Charles said...

And is that meant to be Bergkamp above him? Blimey.

Anonymous said...

Moron. People like you are the problem at Arsenal. If you dont support Arsenal, don't come to our staduim and sit in the home crowd and then complain about it!

Angus said...

bit precious innit

eddiem said...

Too many non-Arsenal fan corporates, tourists, foreigners and first-timers at Emirates. That's why the atmosphere is shit. But hey, it's the way the board wants it...keeps the balance sheet healthy, you see.

daniel said...

What a terrible article.The Orient players didnt get any respect from the Arsenal fans as they showed no respect to Arsenal in their various press interviews since the carling cup final on Sunday.Also how do you expect much atmosphere when people,like you sitting in an Arsenal area have only gone to see them lose and your night was ruined as early as the 7th minute when Arsenal scored.From where I was sitting I found it quite hard to hear Orient singing which is amazing seeing they had 8000 fans all in the sane part of the ground.Next time you get offered a free ticket give it to someone who will appreciate it rather than you who wouldnt know good football if it punched you in the face.

Anonymous said...

Yes, when we're expected to win the Grove can be a rotten place to watch football. When it's a contest or a European night then it's different story. We are cynical Londoners after all.

Anonymous said...

if you had stayed till your team left the pitch you would have realised that orient were clapped off

Adam said...

I go to every Arsenal home game and your take on events is interesting.

I certainly agree that the atmosphere last night wasn't great (and that's putting it diplomatically) but I would add a couple of caveats.

Namely, that sat in club level, it rarely seems noisy - the acoustics in the stadium aren't great, and noise doesn't carry well.

Second, that when the stadium is as empty as it was - I would say it was about 3/4 full - the large gaps between each seat mean its hard to get songs to carry round the stadium.

And finally, that I don't think the Orient fans were as good as you say they were. Arsenal fans regularly get outsung by opposition fans, despite my best efforts (though that's probably true of most Premiership grounds, because away fans are the 'hardcore' support) but I thought their fans were on the whole quite quiet. I've seen away teams with 3,000 fans make more noise.

Anonymous said...

That “boring” Arsenal won trophies in a manner that today’s writers like to claim this current version may need to adopt a bit of. They played a very safe brand of football but would you have wanted the fans to stop supporting their team? Indeed fans of Stoke and teams of that ilk are supported as ardently by their fans. They are very willing to pay to see Rory Delap throw the ball 40 yards.

You have no problem with giving Gooners a “quick jab in a painful and tender place” but you cast Bendtner as a villain. He has been misquoted, booed, disrespected, insulted, and targeted by many, many people – Arsenal fans included. He does the business in the face of 9,000 away supporters who no doubt were giving it to him large. Would I have preferred him to not respond and get on with his job? Yes! Do I mind that he reacted? No! And if you do, that’s something you’ll have to sort out for yourself. If stick from the opposition motivates him then please use your blog to ask fans of all other clubs to carry on doing what they do. Thank you very much!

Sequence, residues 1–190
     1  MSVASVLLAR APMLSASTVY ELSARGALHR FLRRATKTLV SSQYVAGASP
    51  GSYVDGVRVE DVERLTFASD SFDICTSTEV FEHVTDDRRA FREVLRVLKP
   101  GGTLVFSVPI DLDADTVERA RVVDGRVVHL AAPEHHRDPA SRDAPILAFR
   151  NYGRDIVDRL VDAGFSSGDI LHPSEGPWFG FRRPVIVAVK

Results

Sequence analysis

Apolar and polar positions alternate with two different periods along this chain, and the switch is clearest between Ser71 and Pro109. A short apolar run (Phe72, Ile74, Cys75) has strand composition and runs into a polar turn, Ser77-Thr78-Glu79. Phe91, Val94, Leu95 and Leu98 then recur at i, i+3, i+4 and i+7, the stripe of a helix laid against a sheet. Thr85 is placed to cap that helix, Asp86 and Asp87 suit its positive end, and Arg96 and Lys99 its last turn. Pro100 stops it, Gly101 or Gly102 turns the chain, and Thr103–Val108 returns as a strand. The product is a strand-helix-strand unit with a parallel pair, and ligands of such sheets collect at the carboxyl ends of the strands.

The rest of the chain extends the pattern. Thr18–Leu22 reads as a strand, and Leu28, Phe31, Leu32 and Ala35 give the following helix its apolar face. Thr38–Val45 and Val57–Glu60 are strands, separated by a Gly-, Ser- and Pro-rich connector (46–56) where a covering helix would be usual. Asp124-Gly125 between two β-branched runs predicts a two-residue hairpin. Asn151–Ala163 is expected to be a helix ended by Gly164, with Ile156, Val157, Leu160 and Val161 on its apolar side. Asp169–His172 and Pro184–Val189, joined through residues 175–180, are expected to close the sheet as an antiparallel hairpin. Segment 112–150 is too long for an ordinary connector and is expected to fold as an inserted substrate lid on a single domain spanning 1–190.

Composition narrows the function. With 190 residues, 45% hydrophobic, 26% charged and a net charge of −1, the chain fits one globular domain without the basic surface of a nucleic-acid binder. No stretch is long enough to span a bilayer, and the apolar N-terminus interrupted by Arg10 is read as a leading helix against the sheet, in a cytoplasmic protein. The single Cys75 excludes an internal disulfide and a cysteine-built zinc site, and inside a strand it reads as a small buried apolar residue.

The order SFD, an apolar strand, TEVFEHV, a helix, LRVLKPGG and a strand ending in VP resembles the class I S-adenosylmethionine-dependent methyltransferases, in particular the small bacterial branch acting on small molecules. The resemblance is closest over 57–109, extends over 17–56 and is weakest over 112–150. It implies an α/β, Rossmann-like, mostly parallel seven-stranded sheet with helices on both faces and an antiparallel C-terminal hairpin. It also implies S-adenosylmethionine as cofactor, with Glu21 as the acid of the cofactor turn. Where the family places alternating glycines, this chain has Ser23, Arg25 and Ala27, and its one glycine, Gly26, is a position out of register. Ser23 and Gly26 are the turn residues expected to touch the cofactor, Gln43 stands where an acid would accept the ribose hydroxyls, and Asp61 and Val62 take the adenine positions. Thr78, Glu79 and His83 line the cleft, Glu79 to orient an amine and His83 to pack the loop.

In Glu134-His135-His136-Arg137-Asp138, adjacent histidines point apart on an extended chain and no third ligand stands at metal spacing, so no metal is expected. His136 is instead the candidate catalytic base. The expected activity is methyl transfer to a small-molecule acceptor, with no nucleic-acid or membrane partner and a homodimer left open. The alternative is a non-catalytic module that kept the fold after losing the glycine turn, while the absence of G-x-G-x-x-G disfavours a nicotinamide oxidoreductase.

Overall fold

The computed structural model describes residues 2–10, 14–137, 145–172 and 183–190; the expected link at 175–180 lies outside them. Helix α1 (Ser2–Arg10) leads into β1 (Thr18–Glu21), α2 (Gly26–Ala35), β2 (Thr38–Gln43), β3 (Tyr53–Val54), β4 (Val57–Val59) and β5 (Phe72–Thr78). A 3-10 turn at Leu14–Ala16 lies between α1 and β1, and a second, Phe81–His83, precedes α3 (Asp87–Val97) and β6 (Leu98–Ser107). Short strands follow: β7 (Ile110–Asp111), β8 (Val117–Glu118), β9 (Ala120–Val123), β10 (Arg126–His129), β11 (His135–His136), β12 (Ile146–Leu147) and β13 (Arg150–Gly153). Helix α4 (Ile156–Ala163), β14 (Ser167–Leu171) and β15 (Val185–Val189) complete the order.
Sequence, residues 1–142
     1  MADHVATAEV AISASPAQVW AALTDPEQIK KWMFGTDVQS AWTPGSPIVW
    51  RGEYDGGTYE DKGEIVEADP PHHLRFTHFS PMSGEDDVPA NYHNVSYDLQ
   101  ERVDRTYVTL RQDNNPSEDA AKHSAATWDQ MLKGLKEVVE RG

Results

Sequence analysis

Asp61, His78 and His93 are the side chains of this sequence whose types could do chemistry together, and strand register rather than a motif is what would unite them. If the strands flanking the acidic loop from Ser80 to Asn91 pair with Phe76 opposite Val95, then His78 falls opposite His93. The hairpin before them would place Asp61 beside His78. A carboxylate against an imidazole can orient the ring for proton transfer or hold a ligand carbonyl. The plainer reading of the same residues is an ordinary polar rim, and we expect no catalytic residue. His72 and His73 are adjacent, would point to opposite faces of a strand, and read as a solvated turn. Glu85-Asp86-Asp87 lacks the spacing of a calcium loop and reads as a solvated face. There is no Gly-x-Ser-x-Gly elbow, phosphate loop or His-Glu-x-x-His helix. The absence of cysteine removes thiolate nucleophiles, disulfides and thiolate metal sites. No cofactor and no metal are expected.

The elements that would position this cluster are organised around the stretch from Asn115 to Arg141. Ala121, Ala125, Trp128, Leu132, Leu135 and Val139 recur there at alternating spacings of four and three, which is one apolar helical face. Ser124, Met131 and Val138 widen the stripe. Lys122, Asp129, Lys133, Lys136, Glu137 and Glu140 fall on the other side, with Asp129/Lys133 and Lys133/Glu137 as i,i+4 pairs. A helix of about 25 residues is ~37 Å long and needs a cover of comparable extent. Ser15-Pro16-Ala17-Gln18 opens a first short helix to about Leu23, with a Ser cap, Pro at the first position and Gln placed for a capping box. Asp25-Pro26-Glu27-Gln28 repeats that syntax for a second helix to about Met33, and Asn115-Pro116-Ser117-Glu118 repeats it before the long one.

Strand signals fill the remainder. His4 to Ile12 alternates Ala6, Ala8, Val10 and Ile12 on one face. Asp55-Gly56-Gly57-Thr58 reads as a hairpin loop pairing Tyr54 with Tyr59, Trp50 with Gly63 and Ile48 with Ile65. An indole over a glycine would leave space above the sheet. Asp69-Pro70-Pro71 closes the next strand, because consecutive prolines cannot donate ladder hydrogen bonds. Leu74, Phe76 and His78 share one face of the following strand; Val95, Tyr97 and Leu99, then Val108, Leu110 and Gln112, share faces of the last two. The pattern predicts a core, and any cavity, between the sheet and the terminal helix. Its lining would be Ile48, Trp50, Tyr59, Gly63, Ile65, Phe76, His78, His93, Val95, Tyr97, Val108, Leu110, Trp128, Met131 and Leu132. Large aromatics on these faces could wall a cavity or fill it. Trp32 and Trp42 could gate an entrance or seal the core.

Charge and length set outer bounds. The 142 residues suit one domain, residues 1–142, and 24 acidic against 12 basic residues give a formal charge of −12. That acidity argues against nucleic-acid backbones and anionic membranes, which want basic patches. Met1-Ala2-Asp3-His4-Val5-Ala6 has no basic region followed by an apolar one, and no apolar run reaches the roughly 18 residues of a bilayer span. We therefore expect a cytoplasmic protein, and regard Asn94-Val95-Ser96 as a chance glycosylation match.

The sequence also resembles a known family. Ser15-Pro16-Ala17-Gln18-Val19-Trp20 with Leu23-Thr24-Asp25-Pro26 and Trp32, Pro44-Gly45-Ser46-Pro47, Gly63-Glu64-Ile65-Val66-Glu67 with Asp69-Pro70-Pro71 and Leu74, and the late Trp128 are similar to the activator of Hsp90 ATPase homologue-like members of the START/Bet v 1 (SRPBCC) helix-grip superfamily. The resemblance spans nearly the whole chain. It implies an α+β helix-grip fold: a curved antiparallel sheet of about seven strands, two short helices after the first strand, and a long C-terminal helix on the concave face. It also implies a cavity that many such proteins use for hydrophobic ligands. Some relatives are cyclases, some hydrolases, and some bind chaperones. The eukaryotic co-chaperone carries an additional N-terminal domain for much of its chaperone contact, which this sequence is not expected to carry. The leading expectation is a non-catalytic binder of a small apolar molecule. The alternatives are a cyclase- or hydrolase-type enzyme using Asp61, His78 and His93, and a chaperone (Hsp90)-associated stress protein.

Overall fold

As for singing; it’s a fan’s choice to do or not do. Not every fan cares to be part of the crowd, even when they’re sitting amongst them. Some just want to watch the match. End of!

Fair play to that lone Arsenal fan who recognized the Orient faithful. However, while you indict Arsenal fans for not applauding the away section, where is it written that a seat in The Emirates obliges you to celebrate opposition fans who’ve been shouting insults at your team all match?

You say Orient “deserved better”. Let’s be very clear, in football you get no points for what you “deserve”. Business is like that, and if you didn’t realize it, football is big business. Ask the man who handed you a free ticket about business. He knows more about it than I do.

You talk about “the game's ills in microcosm”. I would say that being given the seat you’ve been given in place of a real Arsenal supporter who may never get to experience what you clearly take for granted can be added to your list of ills.

As a “freeloading” attendant maybe you should consider accepting the state of Arsenal supporters as is. Surely being amongst the “soulless” for two hours is a decent exchange for the comfort and fare you enjoyed gratis. If you have a shred of integrity you will turn down the next offer to attend an Arsenal match, and the next, and the next…

Narrow The Angle said...

I wasn't expecting so many comments so soon after posting this, but I guess the piece was more provocative in style than I normally write.

"bit precious innit"
-I don't think it's precious to hope for an atmopshere in a crowd of 59,000 people - though to an extent I do agree with someone else's point further down that the acoustics in the stadium are quite poor - surprisingly poor for a bowl actually.

"don't come to our staduim and sit in the home crowd and then complain about it!"
-They were just observations really. And I wouldn't really call corporate seating "the home end".

Another thing to make clear is that I'm not an Orient fan. First-time readers of my blog might not have realised that. If I was, I would have been in with their lot and paid my way. I was an interested neutral last night, invited at the last minute, but it's natural to root for the underdog.

"if you had stayed till your team left the pitch you would have realised that orient were clapped off"
- I did stay to the end. 80% of Arsenal fans had left by then. Those that did stay did clap. A bit.

"You have no problem with giving Gooners a “quick jab in a painful and tender place” but you cast Bendtner as a villain."